Trying to get information about Hampi in Hampi is a tall order. The tourism office in the Virupaksha temple has info on the rest of Karnataka and its rich heritage sites, but nothing on Hampi. When I entered the office, a little after noon, the gentleman in charge said I should try at the Archaeological Survey of India museum in Kamalapur, a Rs 6 bus ride away. Bang opposite the tourism office, a hawker had a little informative booklet called, simply, Hampi, published by the ASI. This was to be my guide as I walked around the spectacular Hazara Rama temple, the many-domed Elephant Stables and the Lotus Mahal. The ASI museum was another story. The display of riches, including headless statues of Raja Krishna Deva Raya and his wife, and scores of statues of gods and goddesses are out of this world. However, many have no descriptive labels, blank spaces indicating that the museum once did possess them. There are precious manuscripts, but not even a one-liner on what they contain. Outside on the lawns were many more statues of India’s heritage. Some with generous quantities of whitewash, a few were lying in piles of waste wood and there was a Hanuman statue with water washing its underside. Interestingly, there were no officials around, but I did write about my concerns in the visitors’ book giving my e-mail address and went to the ASI’s office in Kamalapur.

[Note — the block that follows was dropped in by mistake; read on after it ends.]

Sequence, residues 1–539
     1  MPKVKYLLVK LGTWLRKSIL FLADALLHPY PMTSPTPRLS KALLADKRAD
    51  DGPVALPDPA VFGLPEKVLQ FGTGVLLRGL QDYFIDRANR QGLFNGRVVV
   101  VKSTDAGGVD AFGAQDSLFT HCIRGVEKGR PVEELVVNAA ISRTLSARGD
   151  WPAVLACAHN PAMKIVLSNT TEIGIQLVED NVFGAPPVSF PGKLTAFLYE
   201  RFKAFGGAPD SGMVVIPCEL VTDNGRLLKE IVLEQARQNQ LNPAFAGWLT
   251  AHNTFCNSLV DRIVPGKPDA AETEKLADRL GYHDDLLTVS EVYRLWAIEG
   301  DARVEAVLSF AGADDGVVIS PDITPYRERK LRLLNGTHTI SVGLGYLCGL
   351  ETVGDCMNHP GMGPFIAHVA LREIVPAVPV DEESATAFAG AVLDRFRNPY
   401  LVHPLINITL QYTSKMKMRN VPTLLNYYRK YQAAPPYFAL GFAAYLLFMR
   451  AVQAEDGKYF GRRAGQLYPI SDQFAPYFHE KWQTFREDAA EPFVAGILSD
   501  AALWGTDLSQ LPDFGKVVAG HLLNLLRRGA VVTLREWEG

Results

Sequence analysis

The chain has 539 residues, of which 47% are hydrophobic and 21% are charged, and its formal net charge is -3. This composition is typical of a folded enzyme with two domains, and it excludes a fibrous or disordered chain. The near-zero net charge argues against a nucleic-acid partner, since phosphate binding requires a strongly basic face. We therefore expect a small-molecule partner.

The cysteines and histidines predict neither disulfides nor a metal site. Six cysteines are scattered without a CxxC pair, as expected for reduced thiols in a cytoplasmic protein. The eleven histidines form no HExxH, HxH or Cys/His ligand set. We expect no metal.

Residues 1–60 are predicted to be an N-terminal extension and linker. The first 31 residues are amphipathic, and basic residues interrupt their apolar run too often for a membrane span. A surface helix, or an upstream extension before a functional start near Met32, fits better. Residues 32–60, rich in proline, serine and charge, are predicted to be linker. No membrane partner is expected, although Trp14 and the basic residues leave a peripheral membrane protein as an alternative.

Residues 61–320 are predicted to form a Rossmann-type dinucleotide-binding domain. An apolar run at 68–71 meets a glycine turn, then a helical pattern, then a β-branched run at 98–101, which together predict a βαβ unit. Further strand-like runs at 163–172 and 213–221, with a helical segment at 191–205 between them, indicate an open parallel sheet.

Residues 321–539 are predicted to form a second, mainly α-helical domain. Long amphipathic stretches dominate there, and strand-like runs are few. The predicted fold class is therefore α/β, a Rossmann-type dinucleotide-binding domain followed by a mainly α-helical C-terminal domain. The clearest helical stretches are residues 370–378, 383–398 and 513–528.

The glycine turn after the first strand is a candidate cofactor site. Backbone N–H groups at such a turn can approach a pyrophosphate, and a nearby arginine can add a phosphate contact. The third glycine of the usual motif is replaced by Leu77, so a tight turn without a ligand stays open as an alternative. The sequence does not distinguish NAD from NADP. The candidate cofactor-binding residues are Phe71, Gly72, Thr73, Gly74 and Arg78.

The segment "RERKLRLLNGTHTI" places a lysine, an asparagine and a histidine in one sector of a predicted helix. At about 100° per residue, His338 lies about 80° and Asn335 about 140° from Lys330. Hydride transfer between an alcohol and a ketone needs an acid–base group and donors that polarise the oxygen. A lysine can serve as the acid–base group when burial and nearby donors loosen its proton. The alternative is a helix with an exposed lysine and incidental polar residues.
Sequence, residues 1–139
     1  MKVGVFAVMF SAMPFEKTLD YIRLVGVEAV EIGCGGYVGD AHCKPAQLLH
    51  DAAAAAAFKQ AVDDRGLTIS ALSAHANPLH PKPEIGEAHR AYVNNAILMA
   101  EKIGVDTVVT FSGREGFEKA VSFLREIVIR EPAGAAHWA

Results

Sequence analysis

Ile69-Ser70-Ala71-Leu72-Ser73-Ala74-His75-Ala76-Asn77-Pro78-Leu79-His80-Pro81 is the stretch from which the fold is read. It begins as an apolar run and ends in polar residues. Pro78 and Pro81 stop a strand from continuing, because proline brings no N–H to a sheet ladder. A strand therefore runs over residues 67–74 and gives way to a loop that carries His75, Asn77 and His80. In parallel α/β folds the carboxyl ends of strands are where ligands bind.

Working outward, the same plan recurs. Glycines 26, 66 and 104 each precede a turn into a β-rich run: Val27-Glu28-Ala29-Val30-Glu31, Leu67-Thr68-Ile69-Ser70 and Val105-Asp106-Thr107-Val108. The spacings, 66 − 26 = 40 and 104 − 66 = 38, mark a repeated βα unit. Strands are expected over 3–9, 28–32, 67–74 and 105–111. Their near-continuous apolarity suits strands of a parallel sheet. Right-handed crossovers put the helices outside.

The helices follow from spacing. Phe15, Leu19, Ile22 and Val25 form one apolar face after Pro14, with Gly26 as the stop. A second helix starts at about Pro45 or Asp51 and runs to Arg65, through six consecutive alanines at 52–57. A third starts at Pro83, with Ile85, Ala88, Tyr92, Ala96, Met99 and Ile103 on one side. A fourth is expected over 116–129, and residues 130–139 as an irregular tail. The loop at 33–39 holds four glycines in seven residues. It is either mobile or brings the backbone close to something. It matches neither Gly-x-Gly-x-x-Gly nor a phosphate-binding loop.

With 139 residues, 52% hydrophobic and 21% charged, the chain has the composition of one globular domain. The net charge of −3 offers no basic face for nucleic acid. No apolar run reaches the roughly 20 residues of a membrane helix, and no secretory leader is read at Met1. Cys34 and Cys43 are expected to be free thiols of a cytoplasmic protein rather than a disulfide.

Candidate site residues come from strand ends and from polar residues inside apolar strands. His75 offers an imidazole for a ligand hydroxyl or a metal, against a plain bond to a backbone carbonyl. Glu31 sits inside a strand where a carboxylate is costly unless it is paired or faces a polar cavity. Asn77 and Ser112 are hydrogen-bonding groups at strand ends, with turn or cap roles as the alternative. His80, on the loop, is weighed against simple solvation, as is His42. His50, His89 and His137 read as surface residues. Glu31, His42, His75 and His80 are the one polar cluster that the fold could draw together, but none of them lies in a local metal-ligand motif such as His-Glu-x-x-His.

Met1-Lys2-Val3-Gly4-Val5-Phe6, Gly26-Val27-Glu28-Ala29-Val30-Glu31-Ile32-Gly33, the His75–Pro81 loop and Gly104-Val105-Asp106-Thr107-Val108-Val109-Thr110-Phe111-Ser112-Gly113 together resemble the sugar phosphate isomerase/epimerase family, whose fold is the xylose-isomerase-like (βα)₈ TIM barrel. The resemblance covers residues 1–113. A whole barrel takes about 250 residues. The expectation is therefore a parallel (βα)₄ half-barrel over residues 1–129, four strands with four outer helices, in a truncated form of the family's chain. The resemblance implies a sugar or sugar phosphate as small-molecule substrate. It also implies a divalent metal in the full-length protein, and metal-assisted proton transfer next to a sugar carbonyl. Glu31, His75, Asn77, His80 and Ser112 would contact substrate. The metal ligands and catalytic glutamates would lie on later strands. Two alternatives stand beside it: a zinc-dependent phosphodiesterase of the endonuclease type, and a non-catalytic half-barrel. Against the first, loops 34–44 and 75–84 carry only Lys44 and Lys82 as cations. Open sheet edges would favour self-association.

Drive-In Nirvana